physical properties of colonic contents and feces, and
gastrointestinal transit in horses with access to large
amounts of grain.
Animals—6 horses with right dorsal colon (RDC) fistulas.
Procedure—In a crossover design, horses were alternately
fed 1 of 3 diets: orchard grass hay ad libitum
after being adapted to this diet for at least 5 days,
orchard grass hay ad libitum and 4.55 kg of grain
offered every 12 hours after being adapted to orchard
grass hay ad libitum for at least 5 days, or orchard grass
hay ad libitum and 4.55 kg of grain offered every 12
hours after being adapted to this diet for at least 5 days.
Physical examinations were performed and samples of
blood, colonic contents, and feces were collected
every 6 hours during a 48-hour observation period.
Results—Grain ingestion had several effects, including
changes in the concentrations of electrolytes in plasma;
RDC contents became more homogenous, dehydrated,
foamy, and less dense; RDC contents flowed
spontaneously when the cannula was opened; RDC
contents expanded when heated in an oven; and feces
became fetid and less formed. Horses did not have any
clinical signs of colic, endotoxemia, or laminitis.
Conclusions and Clinical Relevance—Changes
observed in the colonic contents and feces may be
explained by the large amounts of hydrolyzable carbohydrates
provided by grain. Access to large
amounts of grain may increase the risk of tympany
and displacement of the large intestine. ( Am J Vet Res 2004;65:687–694)
Objective—To determine effects on anal pressure of
horses after local injection of the external anal sphincter
with Clostridium botulinum toxin type B.
Animals—11 healthy adult horses.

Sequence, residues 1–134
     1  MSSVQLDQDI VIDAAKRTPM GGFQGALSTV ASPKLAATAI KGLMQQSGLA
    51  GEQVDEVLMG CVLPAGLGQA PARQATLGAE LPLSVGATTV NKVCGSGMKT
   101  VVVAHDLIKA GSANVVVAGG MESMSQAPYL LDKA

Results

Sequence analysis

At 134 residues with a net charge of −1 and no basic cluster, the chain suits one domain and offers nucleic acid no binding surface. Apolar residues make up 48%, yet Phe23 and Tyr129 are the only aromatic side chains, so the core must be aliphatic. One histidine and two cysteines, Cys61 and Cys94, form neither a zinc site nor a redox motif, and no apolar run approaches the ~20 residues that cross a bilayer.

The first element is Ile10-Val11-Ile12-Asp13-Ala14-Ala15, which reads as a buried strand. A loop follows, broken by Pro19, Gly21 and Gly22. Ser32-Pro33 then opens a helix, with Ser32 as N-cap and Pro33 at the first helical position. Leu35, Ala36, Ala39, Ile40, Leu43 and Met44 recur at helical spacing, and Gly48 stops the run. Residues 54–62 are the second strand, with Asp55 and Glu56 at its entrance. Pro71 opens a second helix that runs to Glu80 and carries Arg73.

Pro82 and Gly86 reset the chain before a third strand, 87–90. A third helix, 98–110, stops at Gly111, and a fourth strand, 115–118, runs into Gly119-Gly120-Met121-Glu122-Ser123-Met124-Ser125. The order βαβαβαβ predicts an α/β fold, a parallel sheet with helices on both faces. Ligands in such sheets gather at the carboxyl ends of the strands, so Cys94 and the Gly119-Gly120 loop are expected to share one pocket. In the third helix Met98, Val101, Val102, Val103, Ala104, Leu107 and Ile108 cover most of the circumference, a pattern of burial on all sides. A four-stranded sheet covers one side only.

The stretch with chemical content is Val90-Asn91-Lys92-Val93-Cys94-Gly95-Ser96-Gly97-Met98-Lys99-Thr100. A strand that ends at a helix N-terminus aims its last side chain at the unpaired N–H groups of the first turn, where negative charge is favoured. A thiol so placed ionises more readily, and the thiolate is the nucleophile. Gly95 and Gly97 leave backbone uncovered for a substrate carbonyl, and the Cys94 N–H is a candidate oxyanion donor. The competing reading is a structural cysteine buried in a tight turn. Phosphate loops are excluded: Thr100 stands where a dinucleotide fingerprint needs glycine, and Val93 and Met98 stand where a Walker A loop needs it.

Procedure—Peak and resting anal sphincter pressures
were measured with a custom-made rectal
probe that was connected to a pressure transducer.
Pressures were measured before treatment and after
injection with botulinum toxin type B (BTB) or saline
(0.9% NaCl) solution. Dose titration with 500, 1,000,
1,500, and 2,500 U of BTB was completed. Physical
changes, behavior, and anal pressure were recorded
for each horse.
Results—Injection of 1,000 U of BTB caused a significant
reduction in peak anal pressure from days 2 to
84, compared with pressure in control horses.
Maximal effect of the toxin was observed within the
first 15 days after injection, followed by a slow return
to baseline during the 168-day period. Injection of
2,500 U of BTB in the anal sphincter in 1 horse resulted
in lethargy, generalized weakness, and dysphagia
for 14 days. Adverse clinical effects were not
observed in horses after injections with 500, 1,000, or
1,500 U of BTB.
Conclusions and Clinical Relevance—The effect of
focal intramuscular injection of BTB in horses is similar
to that reported for other species. However, horses
appear to be more sensitive to BTB, compared
with other species, and clinical signs of botulism may
develop at doses exceeding 1,500 U. Injections of
BTB in the external anal sphincter of mares may be
useful to reduce incisional dehiscence after repair of
perineal lacerations. ( Am J Vet Res 2004;65:26–30)